"By looking at the transgenic mice we noticed that their prostate and mammary glands were blue," Nobrega noted, "indicating the presence of regulatory sequences within the piece of human DNA that we were testing." They then focused on the prostate, identifying the specific enhancer driving the observed expression pattern.
The group could then engineer a version of the enhancer that contained a risk variant associated with prostate cancer and test this in mice. The prostate enhancer harboring the risk allele in the sequence drove expression of the reporter gene significantly higher in the mouse prostate relative to the normal version of the enhancer.
"The fact that a single nucleotide difference so markedly altered the enhancer's activity within the context of a living organism clearly demonstrates the potential impact that variation within non-coding gene regulatory elements could have on disease state," Nobrega noted.
Previous research has indicated that this enhancer modifies activity of a nearby gene called MYC, a proto-oncogene that exhibits altered expression in prostate cancers. However, those studies found no correlation between the risk allele enhancer and MYC expression in normal or cancerous prostate tissues, suggesting altered MYC expression may not be the biological factor conferring risk to disease in these cases.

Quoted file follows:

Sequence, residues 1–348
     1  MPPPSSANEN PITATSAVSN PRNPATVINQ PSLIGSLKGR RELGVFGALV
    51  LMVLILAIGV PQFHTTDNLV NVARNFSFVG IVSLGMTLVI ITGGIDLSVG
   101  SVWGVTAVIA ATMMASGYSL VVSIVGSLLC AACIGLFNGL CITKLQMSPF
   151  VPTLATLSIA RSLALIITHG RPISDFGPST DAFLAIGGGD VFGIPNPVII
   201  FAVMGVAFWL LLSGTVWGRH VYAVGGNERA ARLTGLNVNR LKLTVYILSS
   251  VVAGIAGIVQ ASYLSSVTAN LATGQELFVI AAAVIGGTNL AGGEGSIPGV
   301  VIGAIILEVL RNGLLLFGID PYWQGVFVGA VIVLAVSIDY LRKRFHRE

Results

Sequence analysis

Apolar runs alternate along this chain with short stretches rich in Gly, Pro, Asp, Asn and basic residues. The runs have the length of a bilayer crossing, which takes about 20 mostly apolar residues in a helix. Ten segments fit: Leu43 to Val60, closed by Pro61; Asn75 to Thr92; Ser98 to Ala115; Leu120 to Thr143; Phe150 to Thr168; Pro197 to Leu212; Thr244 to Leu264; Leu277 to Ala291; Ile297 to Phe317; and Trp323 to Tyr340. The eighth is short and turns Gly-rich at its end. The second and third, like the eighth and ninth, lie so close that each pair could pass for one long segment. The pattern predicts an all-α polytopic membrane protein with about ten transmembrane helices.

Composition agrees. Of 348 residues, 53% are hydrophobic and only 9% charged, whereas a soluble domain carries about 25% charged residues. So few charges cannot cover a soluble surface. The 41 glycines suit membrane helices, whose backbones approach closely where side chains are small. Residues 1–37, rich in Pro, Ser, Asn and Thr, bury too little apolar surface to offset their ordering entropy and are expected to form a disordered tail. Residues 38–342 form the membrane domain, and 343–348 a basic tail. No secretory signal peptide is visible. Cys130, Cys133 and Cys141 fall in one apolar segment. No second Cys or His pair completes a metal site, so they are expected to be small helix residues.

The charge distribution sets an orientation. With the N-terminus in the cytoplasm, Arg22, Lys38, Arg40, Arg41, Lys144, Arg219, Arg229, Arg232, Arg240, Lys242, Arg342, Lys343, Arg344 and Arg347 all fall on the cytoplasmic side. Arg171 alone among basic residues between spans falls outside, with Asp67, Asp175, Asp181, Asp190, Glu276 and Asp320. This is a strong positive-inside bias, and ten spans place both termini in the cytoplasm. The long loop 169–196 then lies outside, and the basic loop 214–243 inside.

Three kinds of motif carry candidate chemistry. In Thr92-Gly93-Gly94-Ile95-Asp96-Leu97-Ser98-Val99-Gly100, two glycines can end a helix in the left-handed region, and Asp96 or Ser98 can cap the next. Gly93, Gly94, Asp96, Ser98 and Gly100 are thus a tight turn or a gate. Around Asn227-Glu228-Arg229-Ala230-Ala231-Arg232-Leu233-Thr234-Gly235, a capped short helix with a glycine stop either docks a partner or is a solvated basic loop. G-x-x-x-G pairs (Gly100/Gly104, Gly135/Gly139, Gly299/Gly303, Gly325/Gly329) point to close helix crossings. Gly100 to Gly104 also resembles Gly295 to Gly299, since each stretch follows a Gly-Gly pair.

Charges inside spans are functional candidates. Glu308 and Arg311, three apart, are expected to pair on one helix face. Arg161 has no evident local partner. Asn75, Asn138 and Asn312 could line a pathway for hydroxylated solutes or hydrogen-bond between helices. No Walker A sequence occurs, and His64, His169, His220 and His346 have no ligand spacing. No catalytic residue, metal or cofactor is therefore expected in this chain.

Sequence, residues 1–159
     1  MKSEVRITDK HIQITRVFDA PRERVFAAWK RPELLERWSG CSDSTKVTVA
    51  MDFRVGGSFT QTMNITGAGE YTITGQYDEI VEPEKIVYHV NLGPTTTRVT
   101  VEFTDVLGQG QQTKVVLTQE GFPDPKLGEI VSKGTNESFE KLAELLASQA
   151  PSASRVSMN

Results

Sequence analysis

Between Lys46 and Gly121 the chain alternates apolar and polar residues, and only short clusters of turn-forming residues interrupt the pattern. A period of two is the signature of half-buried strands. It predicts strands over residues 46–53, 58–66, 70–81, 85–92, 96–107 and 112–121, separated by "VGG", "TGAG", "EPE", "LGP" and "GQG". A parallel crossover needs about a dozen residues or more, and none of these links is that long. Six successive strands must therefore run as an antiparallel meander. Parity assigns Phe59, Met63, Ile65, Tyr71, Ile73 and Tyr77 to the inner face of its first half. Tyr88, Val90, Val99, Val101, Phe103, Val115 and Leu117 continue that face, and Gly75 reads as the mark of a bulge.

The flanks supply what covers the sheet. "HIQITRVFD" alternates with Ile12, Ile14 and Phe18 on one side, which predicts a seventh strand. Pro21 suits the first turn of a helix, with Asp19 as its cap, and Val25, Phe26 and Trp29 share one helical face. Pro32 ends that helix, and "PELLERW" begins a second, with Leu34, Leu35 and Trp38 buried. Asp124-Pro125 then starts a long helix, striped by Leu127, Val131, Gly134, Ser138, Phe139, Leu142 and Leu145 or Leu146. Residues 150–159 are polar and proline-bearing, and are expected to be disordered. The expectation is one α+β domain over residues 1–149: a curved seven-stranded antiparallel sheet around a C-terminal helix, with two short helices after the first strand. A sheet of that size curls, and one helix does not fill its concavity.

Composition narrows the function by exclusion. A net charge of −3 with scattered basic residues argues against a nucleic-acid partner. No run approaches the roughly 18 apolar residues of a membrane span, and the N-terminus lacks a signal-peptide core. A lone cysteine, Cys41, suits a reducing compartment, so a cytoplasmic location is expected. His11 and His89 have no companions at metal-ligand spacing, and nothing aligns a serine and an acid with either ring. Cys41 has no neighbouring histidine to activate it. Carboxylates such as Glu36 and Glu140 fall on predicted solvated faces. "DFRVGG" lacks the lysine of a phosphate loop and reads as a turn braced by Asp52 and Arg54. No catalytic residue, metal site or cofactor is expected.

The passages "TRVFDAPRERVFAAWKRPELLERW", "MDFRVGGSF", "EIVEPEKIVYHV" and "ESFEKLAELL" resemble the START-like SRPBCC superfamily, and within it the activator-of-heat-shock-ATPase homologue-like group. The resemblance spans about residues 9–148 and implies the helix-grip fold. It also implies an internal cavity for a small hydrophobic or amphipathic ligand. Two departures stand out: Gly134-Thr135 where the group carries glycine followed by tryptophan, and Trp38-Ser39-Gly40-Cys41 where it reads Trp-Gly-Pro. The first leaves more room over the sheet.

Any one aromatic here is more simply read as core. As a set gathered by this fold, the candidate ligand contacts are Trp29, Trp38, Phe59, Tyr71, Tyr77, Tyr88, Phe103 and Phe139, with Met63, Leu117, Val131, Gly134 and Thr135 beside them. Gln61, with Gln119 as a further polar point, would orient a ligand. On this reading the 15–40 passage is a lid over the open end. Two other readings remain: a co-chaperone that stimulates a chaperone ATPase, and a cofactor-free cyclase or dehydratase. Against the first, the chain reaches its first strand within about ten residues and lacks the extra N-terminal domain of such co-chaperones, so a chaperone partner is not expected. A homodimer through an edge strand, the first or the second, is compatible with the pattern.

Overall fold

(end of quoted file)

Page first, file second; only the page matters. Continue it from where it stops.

The authors further explained that the risk variant enhancer activity was observed in the prostate throughout organogenesis and development, suggesting that the cancer risk variant might assert its influence very early, long before a tumor forms. "This strengthens the notion of a pathogenic process that could initiate much earlier in life than the appearance of clinical alterations, one in which thi
|Contact: Peggy Calicchia|
Cold Spring Harbor Laboratory